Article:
IOM July 2021 Insight From

Food safety is not just the job of food safety personnel. It’s the leaders and management-level employees in the food processing industry who carry the ultimate responsibility for food safety concerns.

In a recent webinar, M3 Insurance teamed up with Peg Dorn from WMEP Manufacturing Solutions and Leah Ziemba from Michael Best to discuss legal and liability risks food processing leaders need to know to ensure a safe workplace, safe food product and a safety net for themselves in case the worst were to occur.

“As a former auditor, I can tell within 10 minutes of walking into a facility if the top management is or is not engaged in the food safety program,” Dorn said.

However, just because leadership may not have its eyes on the operation does not mean its responsibility for the food safety is diminished.

The Park Doctrine: How a 50-year-old decision affects food industry leaders

While a company can be fined for food safety violations, it cannot be sent to jail. So, who within the company bears the ultimate legal responsibility for food safety?

Ziemba, industry group co-chair, agribusiness, food and beverage at Michael Best, shared the answer to this question by outlining the details of a nearly 50-year-old U.S. Supreme Court decision.

United States v. Park created a clear understanding of the ultimate responsibility that corporate officers have in ensuring food safety within their company. The case established that corporate officials can be prosecuted for food safety violations within the organization they lead.

The case also established that there is no intent necessary for the government to seek prosecution of a corporate officer for food safety violations. The government simply needs to show that because of a person’s position of authority within a food processing company, they could have prevented a food safety issue and promptly corrected it but failed to do so.

“This case was groundbreaking,” Ziemba said. “There are not many strict liability criminal statutes in our country.”

Leadership cannot simply argue that they have deferred authority for food safety to a responsible employee or consultant. The responsibility, and the legal risk, as outlined in the Park Doctrine, lies with the top leadership and those in a position of authority to prevent or correct the violation(s) at issue.

Who carries liability?

In recent years, the Blue Bell Creameries case has worked its way through the courts. In the well-documented case, the former president and CEO of Blue Bell Creameries faced seven criminal charges, and the company paid millions of dollars in fines for matters related to a deadly, nationwide listeria outbreak caused by its contaminated products.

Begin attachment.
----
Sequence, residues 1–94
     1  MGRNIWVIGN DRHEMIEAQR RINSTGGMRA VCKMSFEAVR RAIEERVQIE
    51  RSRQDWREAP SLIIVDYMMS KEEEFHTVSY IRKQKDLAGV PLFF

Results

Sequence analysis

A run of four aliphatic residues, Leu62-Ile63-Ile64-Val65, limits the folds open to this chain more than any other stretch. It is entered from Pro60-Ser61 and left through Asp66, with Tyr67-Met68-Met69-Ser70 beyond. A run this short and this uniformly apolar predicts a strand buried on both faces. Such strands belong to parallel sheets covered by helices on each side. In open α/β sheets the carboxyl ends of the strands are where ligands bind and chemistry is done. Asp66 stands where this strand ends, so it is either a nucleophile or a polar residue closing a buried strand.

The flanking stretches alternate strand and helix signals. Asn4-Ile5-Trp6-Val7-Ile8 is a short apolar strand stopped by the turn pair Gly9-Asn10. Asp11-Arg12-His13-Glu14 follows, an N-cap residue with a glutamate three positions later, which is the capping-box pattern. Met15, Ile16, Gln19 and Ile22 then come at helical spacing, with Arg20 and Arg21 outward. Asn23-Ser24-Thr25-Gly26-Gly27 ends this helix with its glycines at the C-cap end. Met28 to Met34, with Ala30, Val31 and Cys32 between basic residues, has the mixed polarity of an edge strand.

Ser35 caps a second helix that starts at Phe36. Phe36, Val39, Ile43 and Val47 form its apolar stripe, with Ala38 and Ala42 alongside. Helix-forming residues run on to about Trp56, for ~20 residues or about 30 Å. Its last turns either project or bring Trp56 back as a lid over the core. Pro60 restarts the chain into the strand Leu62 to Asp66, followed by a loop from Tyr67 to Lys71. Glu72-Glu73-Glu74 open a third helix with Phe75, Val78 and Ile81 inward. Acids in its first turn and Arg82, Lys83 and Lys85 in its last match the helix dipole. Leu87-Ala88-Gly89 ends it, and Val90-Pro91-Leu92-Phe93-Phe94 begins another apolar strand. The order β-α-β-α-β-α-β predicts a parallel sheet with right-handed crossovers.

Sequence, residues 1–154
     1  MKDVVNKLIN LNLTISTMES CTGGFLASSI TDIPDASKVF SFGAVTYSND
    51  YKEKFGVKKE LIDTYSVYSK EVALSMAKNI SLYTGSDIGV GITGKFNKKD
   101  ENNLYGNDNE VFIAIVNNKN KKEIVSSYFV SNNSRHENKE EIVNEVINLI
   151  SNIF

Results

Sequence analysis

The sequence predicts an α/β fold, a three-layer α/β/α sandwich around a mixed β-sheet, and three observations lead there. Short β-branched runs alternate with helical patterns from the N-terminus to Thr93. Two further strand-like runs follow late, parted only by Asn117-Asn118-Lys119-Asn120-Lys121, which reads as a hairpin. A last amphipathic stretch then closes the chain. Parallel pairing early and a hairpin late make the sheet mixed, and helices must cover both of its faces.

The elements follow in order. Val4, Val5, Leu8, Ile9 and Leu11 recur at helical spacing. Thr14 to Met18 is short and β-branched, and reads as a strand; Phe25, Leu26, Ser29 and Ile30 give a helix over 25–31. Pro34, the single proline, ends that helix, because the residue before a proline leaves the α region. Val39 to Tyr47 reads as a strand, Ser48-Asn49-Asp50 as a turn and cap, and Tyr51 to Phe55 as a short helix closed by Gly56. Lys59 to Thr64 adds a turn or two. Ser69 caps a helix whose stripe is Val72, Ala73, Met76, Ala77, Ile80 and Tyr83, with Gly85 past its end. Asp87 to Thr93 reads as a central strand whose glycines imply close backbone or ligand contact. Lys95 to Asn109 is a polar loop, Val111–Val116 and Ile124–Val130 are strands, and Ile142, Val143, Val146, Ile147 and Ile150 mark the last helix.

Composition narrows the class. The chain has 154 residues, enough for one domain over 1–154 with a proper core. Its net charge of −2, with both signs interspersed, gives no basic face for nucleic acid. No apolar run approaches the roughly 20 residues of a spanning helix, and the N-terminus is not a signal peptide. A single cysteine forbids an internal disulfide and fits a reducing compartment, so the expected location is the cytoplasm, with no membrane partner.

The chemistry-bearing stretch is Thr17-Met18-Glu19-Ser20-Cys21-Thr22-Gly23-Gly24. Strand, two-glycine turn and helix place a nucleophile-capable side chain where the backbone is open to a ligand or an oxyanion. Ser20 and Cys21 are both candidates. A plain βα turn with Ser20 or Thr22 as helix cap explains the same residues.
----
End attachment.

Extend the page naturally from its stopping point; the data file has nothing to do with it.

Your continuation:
In addition, Blue Bell Creameries’ board of directors faced a derivative action by a shareholder. The decision in favor of the plaintiff (stockholder) stated the board of directors failed to provide adequate oversight of a key risk area for the company (food safety). Ultimately, the directors of Blue Bell Creameries agreed to a $60 million settlement in the case.

Leadership in food processing facilities and its board members should take note of this court case as well as the Park Doctrine. These legal rulings have direct consequences for leaders and the level of personal liability they carry for food safety issues.

Liability coverage can help

If there is a lawsuit against your food processing organization, where will the money come from? If there is no corporate indemnification of the directors and officers, they could find themselves using their personal assets to fund their defense when named in a lawsuit stemming from their role on the company’s board.

In a scenario where your organization has purchased directors and officers liability insurance, the money to pay legal fees and settlements can come from the company itself, the directors and officers insurance coverage or both.

“It’s an honor to be invited to be a member of the board of a food processing operation. But the individual should understand both their legal risks as well as inquire about the insurance coverages that are in place to protect their personal assets against claims made against them in their board position,” said Jeanne Flanagan, director of management liability at M3 Insurance.

The only liability coverage that provides protection for this exposure is directors and officers liability insurance. This coverage is the financial backstop used to provide protection to directors and officers when indemnification by the corporation is not available. The coverage essentially has three parts:

 

“Side A” — Protects the directors and officers when the organization is unable to indemnify its directors and officers.

“Side B” — Reimburses the corporation for its indemnification obligation to its directors and officers.

“Side C” — Also known as “entity coverage” — ensures there is coverage when the corporation is sued.

 

In Wisconsin, companies large and small have established our state as a global leader in the food industry. It’s up to the individual leaders of these operations to understand their role, their risks and how to protect their assets while continuing to produce products that feed their neighbors next door and around the world.  

Jen Pino-Gallagher is the director of the food and agribusiness practice at M3 Insurance. She identifies the most effective and efficient way to help clients in the food and agribusiness industry identify growth opportunities and reduce risk within their operations.